Royal Navy worries as cuts leave British waters unprotected


Royal Navy ships

It was the first time the Royal Navy had ever failed to provide a warship for emergency stand-by, a senior officer said.

Reductions to the Royal Navy’s fleet in last year’s defence review, as well as its commitments to the Nato mission in Libya, has left it short of ships.

‘I don’t think we’ve done this before, certainly not in recent times, in the last ten or 15 years,’ a spokesman for the navy said.

‘Due to the successful deployment of Royal Navy units to the Libya campaign, it has been necessary to reprofile the commitments of some ships,’ he added.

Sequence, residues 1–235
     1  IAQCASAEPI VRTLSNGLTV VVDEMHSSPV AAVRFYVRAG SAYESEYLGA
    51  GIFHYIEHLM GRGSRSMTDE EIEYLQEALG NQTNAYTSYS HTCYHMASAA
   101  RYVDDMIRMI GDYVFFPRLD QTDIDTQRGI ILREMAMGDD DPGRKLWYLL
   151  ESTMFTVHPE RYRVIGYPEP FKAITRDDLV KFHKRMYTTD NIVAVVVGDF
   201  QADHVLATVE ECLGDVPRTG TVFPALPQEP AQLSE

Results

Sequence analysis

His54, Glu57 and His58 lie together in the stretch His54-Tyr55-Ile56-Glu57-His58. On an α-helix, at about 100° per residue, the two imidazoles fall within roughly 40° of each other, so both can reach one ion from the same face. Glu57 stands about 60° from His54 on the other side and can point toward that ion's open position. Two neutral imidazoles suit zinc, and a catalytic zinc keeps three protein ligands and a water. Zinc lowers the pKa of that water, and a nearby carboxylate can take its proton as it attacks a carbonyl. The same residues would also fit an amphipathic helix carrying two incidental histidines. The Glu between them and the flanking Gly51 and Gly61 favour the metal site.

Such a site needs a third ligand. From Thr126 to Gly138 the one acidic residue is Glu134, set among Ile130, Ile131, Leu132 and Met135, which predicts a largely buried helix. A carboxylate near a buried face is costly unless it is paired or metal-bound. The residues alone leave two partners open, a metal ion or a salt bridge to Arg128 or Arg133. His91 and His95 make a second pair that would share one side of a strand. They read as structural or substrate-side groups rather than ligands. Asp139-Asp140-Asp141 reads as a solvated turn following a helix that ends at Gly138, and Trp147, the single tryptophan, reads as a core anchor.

The navy normally provides a minimum coverage of a frigate or destroyer fulfilling the role of Fleet Ready Escort. The task is for the ship to be at high readiness for an emergency – including a terrorist attack, a drugs operation or for search and rescue – in British waters or abroad.

The MoD insisted British waters remain ‘well protected’. The number of frigates or destroyers in the navy’s surface fleet was cut from 24 to 19.

Former First Sea Lord, Adm Lord Alan West said: ‘It’s a big problem. It’s a very unsatisfactory position to be in.’

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